Many fakes that are dangerous from the point of view of public influence are transmitted from one visitor to another by various mechanisms. If you generalize, distract from secondary parts, consider systemically, then you can limit yourself to two main mechanisms - horizontal and vertical transmission. With horizontal exposure to susceptible, it is carried out by intergroup (direct or indirect) contact with "contagious" fake accounts. Vertical impact - direct, intra-group.
It's assumed that all horizontal transmissions occur among adults, there is a T period during which new users do not participate in the horizontal transfer of fake (waiting period).
We need functions that specify the number of distributors, the number of susceptibilities at time t and evaluated at time t-T. We assume that spreading and sensitive are removed at a constant rate R and r, respectively, and adolescents with a frequency G and g, respectively. The model does not allow remote distributors to participate in the reproduction or transmission of fakes. We assume that adults susceptible have a constant birth rate b, and distributors have a birth rate with a coefficient B.
The vertical mechanism is introduced into the model by assuming that their proportion is equal to p (susceptible) and q=1-p (distributors), respectively. The growth of susceptibilities is given by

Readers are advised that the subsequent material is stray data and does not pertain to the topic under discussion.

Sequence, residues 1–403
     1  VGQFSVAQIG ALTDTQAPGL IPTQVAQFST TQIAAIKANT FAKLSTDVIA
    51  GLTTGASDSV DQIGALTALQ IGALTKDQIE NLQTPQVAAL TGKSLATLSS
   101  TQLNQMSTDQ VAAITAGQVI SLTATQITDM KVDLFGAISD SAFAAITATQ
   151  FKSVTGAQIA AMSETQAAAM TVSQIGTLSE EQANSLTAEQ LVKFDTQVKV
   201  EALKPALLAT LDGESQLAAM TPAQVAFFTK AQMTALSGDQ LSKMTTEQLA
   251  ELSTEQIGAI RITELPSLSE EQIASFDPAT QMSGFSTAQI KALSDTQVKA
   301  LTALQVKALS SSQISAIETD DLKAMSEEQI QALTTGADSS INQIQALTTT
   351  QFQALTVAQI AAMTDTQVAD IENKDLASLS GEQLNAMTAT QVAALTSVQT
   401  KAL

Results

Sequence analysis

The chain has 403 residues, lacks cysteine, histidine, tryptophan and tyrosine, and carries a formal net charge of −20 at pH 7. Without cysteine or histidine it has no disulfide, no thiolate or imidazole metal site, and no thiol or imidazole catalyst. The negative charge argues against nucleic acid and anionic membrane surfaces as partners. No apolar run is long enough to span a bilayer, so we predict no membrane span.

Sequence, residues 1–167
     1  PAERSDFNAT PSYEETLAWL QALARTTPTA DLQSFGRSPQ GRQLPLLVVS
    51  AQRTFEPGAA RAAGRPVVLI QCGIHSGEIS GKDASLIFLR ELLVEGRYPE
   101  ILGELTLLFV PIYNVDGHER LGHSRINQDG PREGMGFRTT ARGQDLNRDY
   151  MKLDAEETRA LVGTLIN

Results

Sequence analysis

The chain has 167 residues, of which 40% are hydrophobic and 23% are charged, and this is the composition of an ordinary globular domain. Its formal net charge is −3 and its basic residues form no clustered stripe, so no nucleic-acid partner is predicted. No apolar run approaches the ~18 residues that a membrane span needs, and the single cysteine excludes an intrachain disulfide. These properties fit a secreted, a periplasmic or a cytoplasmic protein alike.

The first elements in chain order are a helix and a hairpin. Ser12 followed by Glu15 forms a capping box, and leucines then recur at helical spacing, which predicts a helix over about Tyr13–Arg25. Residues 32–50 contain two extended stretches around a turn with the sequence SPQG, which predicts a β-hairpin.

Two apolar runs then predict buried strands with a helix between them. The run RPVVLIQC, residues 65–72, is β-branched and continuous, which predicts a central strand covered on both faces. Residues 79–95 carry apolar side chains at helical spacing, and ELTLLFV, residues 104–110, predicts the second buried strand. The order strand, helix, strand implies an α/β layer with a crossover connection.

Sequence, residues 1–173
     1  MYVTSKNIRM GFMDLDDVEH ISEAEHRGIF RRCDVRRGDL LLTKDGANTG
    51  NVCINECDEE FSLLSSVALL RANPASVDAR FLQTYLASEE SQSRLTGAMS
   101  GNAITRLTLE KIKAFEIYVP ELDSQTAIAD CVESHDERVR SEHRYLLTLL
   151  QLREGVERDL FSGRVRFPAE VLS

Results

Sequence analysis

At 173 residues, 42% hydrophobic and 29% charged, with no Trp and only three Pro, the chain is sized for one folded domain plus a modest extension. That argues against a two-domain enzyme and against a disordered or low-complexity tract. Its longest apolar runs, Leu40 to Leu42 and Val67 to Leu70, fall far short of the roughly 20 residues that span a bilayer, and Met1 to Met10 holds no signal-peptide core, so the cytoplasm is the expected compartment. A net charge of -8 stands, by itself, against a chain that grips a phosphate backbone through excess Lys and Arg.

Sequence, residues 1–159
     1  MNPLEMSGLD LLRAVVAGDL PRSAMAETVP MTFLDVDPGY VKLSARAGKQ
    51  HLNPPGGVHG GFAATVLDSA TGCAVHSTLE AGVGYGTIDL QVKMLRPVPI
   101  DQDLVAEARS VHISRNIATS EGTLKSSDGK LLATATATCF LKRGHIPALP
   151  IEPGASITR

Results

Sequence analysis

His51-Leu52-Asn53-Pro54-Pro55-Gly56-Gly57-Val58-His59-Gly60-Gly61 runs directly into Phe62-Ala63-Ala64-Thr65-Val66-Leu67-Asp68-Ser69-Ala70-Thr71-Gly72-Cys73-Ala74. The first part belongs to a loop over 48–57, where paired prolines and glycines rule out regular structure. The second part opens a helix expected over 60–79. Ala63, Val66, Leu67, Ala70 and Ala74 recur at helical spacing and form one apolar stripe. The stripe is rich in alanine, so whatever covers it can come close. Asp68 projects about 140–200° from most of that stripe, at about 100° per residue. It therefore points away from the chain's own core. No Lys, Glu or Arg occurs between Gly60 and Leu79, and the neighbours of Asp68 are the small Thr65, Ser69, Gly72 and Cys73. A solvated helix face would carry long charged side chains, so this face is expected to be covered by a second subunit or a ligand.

and distributors - as
Dynamic equations of the model - with delays:
The above model can be considered as a model in which S(t), I(t), respectively, the number of susceptible and distributors. The model retained the possibility that r is not equal to R and b is not equal to B. It can be assumed that r=R. Fake at first usually does not reduce its performance, but suppose (it’s natural) that after several fake cycles this happens. Therefore, it’s interesting to consider both cases: b=B, b>B. The only nonlinearity in the model is related to the transmission time kS(t)I(t). For one cycle, you can adjust, parametrically adapt the model. In the special case, at T=0, the model is reduced to the Cauchy problem for ordinary differential equations:
The results on the qualitative behavior of the system described by the model are important. Consider isolated equilibrium solutions:
when R is not equal to B. Solution (𝑆∗; 𝐼∗) is of interest only when